Late night entry
Sept. 14: Just before 11 p.m., Engine 2 was sent to a Stewart Terrace (that’s near Belmont Acres Farm) house. Seems like someone forgot their keys and needed assistance getting inside.
Too hot for modern technology
Sept. 15: If anyone was wondering why the entire Belmont Fire Department was outside the Butler School just before 10 a.m., not to worry. It was due to a faulty heat sensor in the gym.
What’s the order? Child, keys, door, lock? D’uh!
Sept. 15: It was a quarter to 3 p.m. and a parent had just picked up their child from Belmont Nursery School on Belmont Street. The fire log doesn’t exactly say how what was about to occurred happened, but the parent apparently got their child in the car, flipped on the lock, closed the door and … remember that their keys where in the now locked car … with the kid. Engine 1 came by straight away to liberate the child.
Bee-ware: Not-so-friendly bees require a fire rescue
Sept. 16: Firefighters in the Belmont Center station on Leonard Avenue were surprised by a distraught grandmother who rushed into the firehouse just after 10 a.m. She and her granddaughter had just driven to the Center when, unknown to granny, she some how disturbed a bee hive as she was parking the car on nearby Alexander Avenue. As she alighted to take the child out, grandma was suddenly attacked by several now not-so-friendly bees. After slamming the door shut, the grandmother ran over to the fire station. Could they help? In a few seconds, one of the ladder truck crew got inside the car and drove the vehicle to a safer and bee free area.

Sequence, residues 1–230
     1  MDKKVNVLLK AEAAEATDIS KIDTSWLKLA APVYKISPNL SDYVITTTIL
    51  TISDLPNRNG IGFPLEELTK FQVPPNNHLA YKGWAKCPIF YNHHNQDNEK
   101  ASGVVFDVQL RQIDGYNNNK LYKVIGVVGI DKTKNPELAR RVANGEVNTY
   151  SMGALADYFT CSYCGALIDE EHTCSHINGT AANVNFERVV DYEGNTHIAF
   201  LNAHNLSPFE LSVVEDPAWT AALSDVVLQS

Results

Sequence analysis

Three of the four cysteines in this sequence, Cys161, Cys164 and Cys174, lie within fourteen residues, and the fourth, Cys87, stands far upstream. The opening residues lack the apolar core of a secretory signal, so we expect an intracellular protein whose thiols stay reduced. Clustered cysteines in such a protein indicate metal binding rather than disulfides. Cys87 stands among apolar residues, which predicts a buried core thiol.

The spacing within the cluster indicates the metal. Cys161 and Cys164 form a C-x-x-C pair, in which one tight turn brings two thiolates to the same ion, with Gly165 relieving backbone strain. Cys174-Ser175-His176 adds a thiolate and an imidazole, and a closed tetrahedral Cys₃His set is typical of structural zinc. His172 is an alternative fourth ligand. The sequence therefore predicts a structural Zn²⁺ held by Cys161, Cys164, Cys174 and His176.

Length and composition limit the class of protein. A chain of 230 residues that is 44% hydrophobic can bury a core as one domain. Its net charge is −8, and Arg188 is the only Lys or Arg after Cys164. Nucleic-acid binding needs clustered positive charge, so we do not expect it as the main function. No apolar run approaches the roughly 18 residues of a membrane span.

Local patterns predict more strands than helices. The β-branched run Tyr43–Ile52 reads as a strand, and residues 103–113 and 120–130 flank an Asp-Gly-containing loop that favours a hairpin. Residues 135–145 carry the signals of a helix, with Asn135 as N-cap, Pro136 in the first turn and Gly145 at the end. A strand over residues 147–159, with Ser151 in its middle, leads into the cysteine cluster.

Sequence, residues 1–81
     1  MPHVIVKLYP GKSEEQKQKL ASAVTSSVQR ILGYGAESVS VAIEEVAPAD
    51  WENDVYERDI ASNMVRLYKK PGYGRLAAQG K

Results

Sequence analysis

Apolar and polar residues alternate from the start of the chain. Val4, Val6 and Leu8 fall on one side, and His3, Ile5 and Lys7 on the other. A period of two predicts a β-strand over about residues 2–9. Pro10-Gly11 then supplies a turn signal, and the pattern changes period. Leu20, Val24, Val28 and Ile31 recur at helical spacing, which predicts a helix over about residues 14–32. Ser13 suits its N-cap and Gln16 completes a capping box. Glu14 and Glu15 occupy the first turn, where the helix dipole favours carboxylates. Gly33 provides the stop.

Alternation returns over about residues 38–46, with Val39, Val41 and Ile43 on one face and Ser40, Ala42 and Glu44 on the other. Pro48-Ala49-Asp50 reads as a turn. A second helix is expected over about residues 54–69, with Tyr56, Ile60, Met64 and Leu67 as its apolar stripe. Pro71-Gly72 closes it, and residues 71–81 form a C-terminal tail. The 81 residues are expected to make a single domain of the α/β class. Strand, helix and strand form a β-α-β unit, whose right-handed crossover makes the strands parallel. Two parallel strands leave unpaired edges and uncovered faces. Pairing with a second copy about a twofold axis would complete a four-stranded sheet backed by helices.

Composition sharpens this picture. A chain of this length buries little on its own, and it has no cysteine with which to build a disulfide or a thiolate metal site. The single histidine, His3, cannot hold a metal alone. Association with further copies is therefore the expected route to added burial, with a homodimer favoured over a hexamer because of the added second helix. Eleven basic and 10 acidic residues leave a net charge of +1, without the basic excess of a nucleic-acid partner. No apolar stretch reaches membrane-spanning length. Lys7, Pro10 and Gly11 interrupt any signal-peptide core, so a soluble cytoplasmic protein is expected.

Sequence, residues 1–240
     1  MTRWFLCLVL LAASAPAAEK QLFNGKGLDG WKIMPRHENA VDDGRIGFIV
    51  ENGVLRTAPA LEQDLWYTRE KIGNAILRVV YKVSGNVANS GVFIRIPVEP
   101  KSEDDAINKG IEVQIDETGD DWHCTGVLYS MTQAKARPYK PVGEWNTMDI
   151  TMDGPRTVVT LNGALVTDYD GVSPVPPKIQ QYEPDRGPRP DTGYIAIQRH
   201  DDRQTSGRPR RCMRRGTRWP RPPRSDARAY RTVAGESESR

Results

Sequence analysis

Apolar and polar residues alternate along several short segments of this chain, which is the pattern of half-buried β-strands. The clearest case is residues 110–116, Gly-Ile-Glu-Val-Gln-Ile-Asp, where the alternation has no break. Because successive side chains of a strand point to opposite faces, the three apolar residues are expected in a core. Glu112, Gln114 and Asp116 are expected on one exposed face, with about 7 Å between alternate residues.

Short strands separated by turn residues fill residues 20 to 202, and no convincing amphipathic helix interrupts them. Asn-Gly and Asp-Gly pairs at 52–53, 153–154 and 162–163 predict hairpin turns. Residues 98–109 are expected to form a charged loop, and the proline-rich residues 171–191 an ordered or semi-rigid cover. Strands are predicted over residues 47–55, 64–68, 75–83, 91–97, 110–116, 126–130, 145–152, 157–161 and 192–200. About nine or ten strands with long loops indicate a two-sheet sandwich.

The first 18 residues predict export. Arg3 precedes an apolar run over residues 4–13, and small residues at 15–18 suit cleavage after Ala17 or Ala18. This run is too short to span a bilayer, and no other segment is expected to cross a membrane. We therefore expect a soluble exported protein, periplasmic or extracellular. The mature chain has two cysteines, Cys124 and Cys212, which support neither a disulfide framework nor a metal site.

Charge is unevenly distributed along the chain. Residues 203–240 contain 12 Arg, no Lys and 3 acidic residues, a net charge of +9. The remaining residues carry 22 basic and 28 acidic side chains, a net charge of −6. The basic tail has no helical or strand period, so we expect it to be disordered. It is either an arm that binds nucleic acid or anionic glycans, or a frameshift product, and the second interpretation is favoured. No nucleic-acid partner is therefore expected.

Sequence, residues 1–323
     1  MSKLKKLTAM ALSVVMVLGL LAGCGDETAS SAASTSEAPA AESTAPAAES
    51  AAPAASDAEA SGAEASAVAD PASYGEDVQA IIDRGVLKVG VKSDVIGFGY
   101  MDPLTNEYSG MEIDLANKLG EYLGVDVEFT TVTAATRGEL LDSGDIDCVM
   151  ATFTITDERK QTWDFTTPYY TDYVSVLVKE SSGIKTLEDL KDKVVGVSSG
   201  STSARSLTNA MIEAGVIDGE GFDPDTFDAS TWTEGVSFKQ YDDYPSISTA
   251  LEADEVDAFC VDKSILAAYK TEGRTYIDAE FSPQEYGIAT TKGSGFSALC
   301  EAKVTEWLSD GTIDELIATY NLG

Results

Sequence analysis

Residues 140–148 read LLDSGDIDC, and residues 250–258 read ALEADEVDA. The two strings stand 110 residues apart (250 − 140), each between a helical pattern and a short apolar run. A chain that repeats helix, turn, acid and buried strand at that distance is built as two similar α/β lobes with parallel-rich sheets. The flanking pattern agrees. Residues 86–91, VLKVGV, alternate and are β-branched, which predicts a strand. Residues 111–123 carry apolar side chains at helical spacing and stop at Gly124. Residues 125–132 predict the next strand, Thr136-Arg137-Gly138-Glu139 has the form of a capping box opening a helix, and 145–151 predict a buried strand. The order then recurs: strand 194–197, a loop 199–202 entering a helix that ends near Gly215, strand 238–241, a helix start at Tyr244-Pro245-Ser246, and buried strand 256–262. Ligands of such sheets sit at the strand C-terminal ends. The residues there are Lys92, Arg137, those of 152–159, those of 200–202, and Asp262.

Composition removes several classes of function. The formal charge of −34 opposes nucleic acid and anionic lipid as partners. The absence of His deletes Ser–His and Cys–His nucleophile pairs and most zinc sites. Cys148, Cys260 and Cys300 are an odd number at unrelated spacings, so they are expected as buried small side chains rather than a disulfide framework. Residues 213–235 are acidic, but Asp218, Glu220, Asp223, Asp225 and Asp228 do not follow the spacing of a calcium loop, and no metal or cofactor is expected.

Outside, looking in
Sept 16: Just after 2 p.m., yet another resident – this one on Gilbert Road – required the fire department’s help getting them back inside their house.
Where did I leave my keys?
Sept. 18: At a quarter past 2 p.m., a motorist left the keys in their car in Belmont Center. At least Engine 2 firefighters didn’t have to travel far to open it; it was parked less than a block away outside the old Macy’s location on Leonard Avenue.
Collecting too much
Sept. 19: When Belmont firefighters and police arrived to conduct a well-being check on a Common Street resident just after noon, they couldn’t locate the homeowner but they did find his junk, and a whole lot of it. Apparently the person is a hoarder and the home’s condition has been reported in the past to the police and the town’s Health Department.
Keep your cooking INSIDE the Weber
Sept. 19: About 20 minutes past 8 p.m., fire crews arrived to a Thomas Street house for an emergency in the back. It was barbecue smoke. That’s OK. However, the crews came back shortly after 9 p.m. when the BBQ turning into an old-time campfire. That’s not OK. In fact, it’s a code violation in these parts.
The angry bee used in this article can be found on the website of children’s writer Chris (as in Christine) Cander. Check out her site at http://chriscander.com